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Great Lakes Article:

Great Lakes Forever Campaign Launched in U.S.
From Biodiversity Project
Environmental News Network
Published June 23, 2004

MADISON, Wis. (June 22, 2004) According to a recent report from the Environmental Projection Agency and the Government of Canada, "the Great Lakes are changing . . ." This summer, the Biodiversity Project, a Madison-based non-profit environmental education and communications group, hopes millions of Great Lakes region residents will become concerned about the future of the Lakes to change things for the better.

Following two years of public opinion research in the Great Lakes states, the Biodiversity Project, headed by executive director Jane Elder, is launching its Great Lakes Forever public education initiative this June. "This campaign is a bit different," said Elder. "We're not just trying to achieve a short-term victory. Instead, we're trying to raise the overall profile of a suite of threats to the Great Lakes. We're trying to build a deeper constituency for the lengthy effort that it will take to restore, protect and care for one of the world's largest freshwater ecosystems."

Stretching from the rustic shores of Lake Superior, through the hard-working waters of Lake Michigan, Huron, Erie and Ontario, and on to the mouth of the St. Lawrence river, the Great Lakes are one of the natural wonders of the world. The Lakes and their connecting channels contain roughly 18 percent of the world's surface freshwater, second only to the polar ice caps. More than 37 million people and a rich, unique diversity of plants and animals call the Lakes and their surrounding lands and waterways home.

The Great Lakes' natural bounty have played a defining role in the region's history and still support its primary economic activities - including agriculture, industrial manufacturing, steel production, shipping, commercial and sport fisheries, recreation and tourism. Yet this incredible natural resource is threatened. According to Jeffrey Potter, coordinator of the Great Lakes Forever program, "Pollution is closing our beaches and contaminating our fish. Invasive species and irresponsible development are threatening the survival of our native wildlife. And special interests are pushing to actually buy and sell Great Lakes water for a profit. We hope that this campaign will encourage individuals, families and communities to become more engaged in the future of their Lakes."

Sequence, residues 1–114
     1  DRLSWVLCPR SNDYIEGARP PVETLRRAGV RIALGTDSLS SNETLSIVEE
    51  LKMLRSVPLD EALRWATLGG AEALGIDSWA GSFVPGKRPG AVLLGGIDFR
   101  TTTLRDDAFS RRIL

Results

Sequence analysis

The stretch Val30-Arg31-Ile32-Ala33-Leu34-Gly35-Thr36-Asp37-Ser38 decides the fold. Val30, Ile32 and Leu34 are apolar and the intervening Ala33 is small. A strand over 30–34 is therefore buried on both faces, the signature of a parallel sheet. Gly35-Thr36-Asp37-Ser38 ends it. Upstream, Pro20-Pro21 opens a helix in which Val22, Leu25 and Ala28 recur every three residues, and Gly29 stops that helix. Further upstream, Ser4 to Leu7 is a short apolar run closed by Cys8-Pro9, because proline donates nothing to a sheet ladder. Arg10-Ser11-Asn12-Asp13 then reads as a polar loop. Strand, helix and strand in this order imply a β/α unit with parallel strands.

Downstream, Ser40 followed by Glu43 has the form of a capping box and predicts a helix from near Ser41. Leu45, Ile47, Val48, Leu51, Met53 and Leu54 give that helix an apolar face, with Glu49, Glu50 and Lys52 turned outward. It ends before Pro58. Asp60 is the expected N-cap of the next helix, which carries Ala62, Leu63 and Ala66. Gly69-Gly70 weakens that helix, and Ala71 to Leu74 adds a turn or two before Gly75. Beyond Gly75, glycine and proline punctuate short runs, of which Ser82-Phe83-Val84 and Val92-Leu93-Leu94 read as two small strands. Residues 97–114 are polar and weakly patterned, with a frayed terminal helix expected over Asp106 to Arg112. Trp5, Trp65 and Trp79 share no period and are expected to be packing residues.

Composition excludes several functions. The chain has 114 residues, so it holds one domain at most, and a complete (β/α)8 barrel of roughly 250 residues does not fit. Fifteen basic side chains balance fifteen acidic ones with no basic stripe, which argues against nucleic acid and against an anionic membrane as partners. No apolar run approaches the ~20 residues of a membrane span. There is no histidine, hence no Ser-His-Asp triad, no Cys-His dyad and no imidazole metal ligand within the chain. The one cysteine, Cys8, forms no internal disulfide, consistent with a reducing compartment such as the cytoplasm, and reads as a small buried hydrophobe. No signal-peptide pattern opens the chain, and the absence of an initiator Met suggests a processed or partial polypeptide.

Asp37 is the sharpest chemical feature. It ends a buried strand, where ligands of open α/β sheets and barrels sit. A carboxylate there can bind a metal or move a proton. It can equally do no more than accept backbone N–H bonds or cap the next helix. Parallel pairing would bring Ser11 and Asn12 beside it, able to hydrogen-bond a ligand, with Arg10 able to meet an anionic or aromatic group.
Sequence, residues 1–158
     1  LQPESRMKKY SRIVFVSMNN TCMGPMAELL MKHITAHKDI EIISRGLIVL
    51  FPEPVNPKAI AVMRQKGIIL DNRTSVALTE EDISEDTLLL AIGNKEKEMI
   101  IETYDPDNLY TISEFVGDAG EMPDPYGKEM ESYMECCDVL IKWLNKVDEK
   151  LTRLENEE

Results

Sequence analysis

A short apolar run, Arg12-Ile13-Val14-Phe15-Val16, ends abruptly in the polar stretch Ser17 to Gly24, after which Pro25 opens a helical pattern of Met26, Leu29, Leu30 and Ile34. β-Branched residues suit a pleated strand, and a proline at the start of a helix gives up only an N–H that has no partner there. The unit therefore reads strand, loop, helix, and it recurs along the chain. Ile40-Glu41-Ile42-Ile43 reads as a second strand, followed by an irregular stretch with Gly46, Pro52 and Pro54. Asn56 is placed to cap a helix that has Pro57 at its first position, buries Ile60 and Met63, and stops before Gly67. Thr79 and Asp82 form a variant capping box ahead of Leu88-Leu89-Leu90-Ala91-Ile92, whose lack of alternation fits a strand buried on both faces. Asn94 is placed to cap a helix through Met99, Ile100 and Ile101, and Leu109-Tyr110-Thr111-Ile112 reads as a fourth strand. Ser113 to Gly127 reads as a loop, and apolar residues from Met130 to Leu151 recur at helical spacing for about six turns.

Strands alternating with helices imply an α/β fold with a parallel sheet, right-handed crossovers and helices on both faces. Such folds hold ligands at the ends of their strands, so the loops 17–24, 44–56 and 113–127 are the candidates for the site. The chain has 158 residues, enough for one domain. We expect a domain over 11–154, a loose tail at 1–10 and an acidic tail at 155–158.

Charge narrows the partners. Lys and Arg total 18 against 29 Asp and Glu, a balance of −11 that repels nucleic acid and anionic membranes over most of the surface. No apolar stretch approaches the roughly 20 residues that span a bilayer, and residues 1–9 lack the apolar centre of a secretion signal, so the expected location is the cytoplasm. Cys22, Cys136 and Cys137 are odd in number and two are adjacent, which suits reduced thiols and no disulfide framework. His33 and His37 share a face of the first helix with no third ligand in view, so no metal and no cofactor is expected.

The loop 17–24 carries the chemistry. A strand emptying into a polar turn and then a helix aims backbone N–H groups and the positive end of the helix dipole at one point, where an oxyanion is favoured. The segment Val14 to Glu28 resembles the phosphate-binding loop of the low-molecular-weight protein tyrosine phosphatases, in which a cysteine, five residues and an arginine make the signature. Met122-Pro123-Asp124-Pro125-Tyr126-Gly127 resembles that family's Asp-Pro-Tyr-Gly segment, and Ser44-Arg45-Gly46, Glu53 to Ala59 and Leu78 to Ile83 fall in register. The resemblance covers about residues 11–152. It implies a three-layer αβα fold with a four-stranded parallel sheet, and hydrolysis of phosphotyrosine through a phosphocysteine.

Components of the Great Lakes Forever campaign include magazine and radio advertisements, educational signs in the coastal state parks, Great Lakes BioBlitz events in Green Bay, Superior, and Milwaukee and eye-catching educational drink coasters to be distributed to restaurants and taverns on Wisconsin's coast. All of the materials are backed by a new Web site - - featuring information about the Great Lakes ecosystem, threats to the health of the Lakes and simple solutions everyone can take to help protect the Great Lakes.

Working with more than 50 partner organizations throughout Wisconsin and the region, including state and federal agencies and local non-profit groups, Biodiversity Project identified four key issues where increased public concern could have an impact on the future of the Great Lakes: water quality, water supply, habitat protection and invasive species control.

"For decades, Great Lakes water has been contaminated by toxic pollutants such as mercury, PCBs, and agricultural pesticides," said Potter. Threats to aquatic life become threats to human health when contaminated fish end up on our tables. Mercury-contaminated fish in particular are of great concern - potentially causing birth defects, high blood pressure, infertility and even brain damage.

Bacterial contaminations of the Great Lakes, from untreated sewage dumping and livestock facilities, pose an equally dangerous threat to our health and the health of the ecosystem. Fecal coliform and e.coli bacteria from animal feces, dirty diapers, failing septic systems and municipal sewer overflows can contribute to higher levels of bacteria. The results are closed beaches and illness for boaters, swimmers and others entering or consuming water from the Great Lakes. The increased organic matter (and phosphorus from lawn and agricultural fertilizers) in the waters also contributes to algae growth, oxygen depletion in the water and threatens Lake aquatic life.